Sales Process Learned From Chiefs
Selling and Culinary Arts are very different trades, but sales representatives can learn something from great chiefs. A chief relies upon recipes to consistently and predictable make quality food. A sales rep should rely on their own selling recipe for gathering new customers to their organization.
There are four general steps or stages in the semi complex selling process. Understanding the elements of these four stages will give you a recipe you can follow when helping prospective customers become loyal clients.
The Marketing Process
The first step is your company’s overall marketing process. Smart sales people will use at least three of four different promotional strategies at the same time to generate leads. Examples of different promotional strategies might be event marketing, direct, social, internet, mobile, print, mass media marketing, etc. Marketing efforts either produce “instant gratification” or “delayed gratification” results. Smart sales people will use a little of both types. The end result of the marketing process happens when you have your fist conversation with the prospect.
The 30 Second Introduction
The second step is the 30 second Introduction. This is the first major contact you have with prospects, whether over the phone or in person. This should be a brief conversation that involves identifying the core emotional reason a prospect might do business with you. It does not involve the sales person pitching the features and benefits of their product or service. This is simply an introduction and inquiry to determine if your companies can potentially work together.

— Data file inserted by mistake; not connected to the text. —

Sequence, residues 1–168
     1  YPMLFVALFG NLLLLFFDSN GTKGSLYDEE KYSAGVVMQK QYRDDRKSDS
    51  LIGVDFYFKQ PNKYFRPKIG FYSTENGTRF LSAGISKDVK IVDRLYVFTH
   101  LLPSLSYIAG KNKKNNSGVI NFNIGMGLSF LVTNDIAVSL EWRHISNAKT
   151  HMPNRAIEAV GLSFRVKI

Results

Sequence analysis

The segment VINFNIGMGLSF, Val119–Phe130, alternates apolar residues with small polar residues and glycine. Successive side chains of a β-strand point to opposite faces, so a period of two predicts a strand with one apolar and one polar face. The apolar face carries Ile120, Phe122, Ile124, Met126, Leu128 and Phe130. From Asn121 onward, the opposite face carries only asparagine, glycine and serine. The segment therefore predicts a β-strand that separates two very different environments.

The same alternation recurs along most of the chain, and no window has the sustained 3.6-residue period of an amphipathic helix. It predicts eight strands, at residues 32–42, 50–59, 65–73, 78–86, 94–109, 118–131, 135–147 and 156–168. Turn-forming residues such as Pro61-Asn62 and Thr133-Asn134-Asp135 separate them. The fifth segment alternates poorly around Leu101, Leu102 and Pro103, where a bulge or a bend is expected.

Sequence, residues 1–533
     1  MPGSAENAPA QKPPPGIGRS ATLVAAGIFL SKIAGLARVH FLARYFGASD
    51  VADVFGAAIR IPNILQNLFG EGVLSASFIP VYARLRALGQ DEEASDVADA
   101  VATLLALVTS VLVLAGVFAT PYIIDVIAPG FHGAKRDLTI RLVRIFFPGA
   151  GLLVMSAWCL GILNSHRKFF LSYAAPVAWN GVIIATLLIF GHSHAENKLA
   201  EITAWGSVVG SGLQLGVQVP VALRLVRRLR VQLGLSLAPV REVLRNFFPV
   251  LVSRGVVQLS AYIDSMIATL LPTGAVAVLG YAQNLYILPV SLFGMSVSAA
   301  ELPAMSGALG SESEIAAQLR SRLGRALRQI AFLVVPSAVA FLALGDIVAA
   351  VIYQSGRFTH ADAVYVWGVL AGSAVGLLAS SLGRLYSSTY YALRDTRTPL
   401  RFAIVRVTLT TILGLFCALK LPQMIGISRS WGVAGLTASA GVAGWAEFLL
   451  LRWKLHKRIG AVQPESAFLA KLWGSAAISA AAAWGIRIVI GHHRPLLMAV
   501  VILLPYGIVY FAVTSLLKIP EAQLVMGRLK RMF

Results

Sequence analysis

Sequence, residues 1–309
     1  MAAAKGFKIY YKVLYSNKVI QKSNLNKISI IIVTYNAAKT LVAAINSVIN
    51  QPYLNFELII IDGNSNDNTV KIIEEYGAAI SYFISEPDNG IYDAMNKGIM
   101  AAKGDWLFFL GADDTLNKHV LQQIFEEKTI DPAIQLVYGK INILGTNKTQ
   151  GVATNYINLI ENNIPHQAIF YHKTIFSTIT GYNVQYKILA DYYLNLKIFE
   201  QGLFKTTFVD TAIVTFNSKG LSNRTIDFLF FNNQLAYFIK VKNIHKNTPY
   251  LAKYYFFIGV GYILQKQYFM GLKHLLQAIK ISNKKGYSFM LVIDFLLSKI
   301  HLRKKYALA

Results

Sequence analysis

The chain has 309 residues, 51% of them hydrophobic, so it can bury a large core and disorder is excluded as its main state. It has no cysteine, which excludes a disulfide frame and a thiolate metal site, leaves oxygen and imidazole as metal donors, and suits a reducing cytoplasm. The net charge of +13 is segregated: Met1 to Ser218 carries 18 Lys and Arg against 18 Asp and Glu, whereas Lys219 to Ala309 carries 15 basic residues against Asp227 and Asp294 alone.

The Discovery Conversation
The Third step is the Discovery conversation. This meeting should be roughly 30 minutes to an hour. This is one of the most crucial points in the selling process; this is when you pitch your product, and potentially make or lose a sale. In this meeting you give the prospect all necessary information to make a decision about your product. One of the purposes of the discover conversation is to qualify the prospect. Answering the four questions below will help quality the prospect.
- Do they have a need or problem that your company can help them fill?
- What is their level of urgency of that problem?
- Do they have the budget to work with your company?
- Are you talking with a company decision maker or decision influencer? Make sure you are talking to the decision makers, and those who influence them.
At the end of this step you should know if the prospect is someone you want to work with. Set up a second meeting giving them time to review the bid or proposal you have given them.
The Review Conversation
The fourth step is the review conversation. At this point the prospect can ask any clarifying questions about the proposal or bid. You will review the core issues and problems they are trying to fix. Your will share the particular features and benefits of your product that match the needs of your prospect. You will not share more than is necessary. Talking to much about things the prospect does not care about will ruin a deal. If you have done each step correctly, closing will happen naturally. If there is something you have left out in previous steps it should be clear to you in this meeting as it will be something the prospect does not completely understand. At the end of this meeting if everything has been done correctly, a deal will happen naturally, or your negotiations are over.
This model is based on a semi-complex selling process. The more complex your selling process or product is the more the customer usually relies on the sales person. While you may need to adjust some of these steps to fit your selling process, these steps are a good recipe to follow when creating a consistent structure to work with prospective clients.
For more details about the 30 second and discovery conversations, give Hansen Group Company a call at 208-346-1005 or email us at firstname.lastname@example.org.